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October 18, 2010
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Topics Green

GSA logoLance Davis, director of the sustainability office for the General Services Administration, announced that moving forward, GSA will require all projects to achieve a LEED Gold certification level from through the Leadership in Energy and Environmental Design (LEED) certification system of the U.S. Green Building Council.

The announcement occurred at the Green Legal Matters conference in New Orleans on Oct. 15.

The construction industry is receiving somewhat mixed economic signals lately. On the good news front, the home building industry which has been mired in recession far longer than the rest of the economy is showing signs of life. Bloomberg reported that sales of new homes climbed in August to a high for the year. The news was tinged with some contrary news that pricing reflected competition from large numbers of foreclosures of existing homes in the marketplace. Bloomberg also reportedly separately that estimates of new home sales for 2010 may increase substantially as well, particularly if Congress extends the tax credit for first-time buyers.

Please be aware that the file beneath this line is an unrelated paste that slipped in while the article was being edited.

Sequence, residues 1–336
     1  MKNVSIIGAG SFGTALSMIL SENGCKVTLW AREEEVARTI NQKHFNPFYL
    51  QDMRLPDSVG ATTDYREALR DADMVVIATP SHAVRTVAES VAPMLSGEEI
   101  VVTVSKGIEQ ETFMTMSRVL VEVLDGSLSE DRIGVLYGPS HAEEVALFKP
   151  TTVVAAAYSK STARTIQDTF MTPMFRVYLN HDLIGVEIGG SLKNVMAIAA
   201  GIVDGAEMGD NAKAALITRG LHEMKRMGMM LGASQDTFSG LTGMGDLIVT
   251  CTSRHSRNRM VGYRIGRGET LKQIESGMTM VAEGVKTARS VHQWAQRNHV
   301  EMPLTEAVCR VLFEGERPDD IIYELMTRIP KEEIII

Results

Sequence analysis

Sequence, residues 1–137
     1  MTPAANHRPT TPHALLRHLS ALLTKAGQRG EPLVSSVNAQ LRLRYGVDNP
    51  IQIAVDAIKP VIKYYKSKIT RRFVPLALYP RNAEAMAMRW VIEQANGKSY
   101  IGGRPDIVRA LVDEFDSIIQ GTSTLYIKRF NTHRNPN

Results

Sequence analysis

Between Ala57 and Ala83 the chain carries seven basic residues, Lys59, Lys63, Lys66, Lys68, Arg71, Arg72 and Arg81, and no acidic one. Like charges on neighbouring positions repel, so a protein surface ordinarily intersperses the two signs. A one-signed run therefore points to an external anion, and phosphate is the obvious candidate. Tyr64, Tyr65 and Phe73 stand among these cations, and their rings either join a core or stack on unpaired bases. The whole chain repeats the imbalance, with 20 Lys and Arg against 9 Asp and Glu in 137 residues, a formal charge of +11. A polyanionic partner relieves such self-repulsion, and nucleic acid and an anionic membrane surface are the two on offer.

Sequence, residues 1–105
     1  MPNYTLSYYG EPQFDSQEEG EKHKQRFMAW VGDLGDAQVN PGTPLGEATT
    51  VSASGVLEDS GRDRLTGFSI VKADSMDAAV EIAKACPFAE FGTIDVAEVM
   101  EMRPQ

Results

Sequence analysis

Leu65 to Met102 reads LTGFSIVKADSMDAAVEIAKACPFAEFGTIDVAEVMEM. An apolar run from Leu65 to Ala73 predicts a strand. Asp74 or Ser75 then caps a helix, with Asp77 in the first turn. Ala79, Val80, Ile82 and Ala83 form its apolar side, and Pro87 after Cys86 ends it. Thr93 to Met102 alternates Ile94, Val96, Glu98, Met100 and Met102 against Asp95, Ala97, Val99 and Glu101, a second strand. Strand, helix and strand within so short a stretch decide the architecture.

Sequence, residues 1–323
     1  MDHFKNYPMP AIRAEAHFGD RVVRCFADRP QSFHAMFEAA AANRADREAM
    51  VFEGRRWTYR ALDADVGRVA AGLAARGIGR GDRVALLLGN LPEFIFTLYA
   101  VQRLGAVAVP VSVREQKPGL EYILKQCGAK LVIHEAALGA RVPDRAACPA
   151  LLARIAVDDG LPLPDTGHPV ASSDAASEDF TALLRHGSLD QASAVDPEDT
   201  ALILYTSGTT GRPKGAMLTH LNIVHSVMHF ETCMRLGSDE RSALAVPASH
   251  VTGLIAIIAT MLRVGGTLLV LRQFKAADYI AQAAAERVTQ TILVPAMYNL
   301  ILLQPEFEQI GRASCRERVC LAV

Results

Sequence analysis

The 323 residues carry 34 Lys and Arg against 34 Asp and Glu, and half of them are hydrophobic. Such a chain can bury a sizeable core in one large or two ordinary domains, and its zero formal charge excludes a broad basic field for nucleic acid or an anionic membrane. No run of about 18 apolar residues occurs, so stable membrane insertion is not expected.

The legal blogosphere has been active the last two weeks with discussion of the recent article in the New York Times critical of LEED. The article in essence uses the example project of the Federal Building in Youngstown, Ohio as a sample for LEED projects that fail to be "green". The Times in particular attacks the actual energy performance of a specific project as an example of why the LEED certified project is not in fact green. Reaction has been varied, from Shari Shapiro pointing out these discussions have been in the mix for some time  to an impassioned, relatively emotional, reaction from Rob Watson, a board member of USGBC and significant national player in the green movement.  Chris Cheatham has pointed out for discussion the interplay between green building success on the one hand and risk associated with projects receiving funding under the American Recovery and Reinvestment Act.  Before we move on to the bigger picture, the article deserves the specific focus on the example project, called by the Times the "Federal Building", but more properly known as the Nathaniel R. Jones Federal Building and US Courthouse (Youngstown, OH).